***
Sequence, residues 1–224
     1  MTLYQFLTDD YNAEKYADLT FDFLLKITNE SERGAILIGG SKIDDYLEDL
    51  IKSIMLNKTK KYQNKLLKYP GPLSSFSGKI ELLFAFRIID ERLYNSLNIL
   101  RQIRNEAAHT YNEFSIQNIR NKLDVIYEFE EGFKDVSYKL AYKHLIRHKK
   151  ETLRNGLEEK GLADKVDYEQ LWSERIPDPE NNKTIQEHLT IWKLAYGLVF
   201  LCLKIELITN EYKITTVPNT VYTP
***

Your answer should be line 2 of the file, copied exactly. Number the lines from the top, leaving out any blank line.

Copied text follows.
     1  MTLYQFLTDD YNAEKYADLT FDFLLKITNE SERGAILIGG SKIDDYLEDL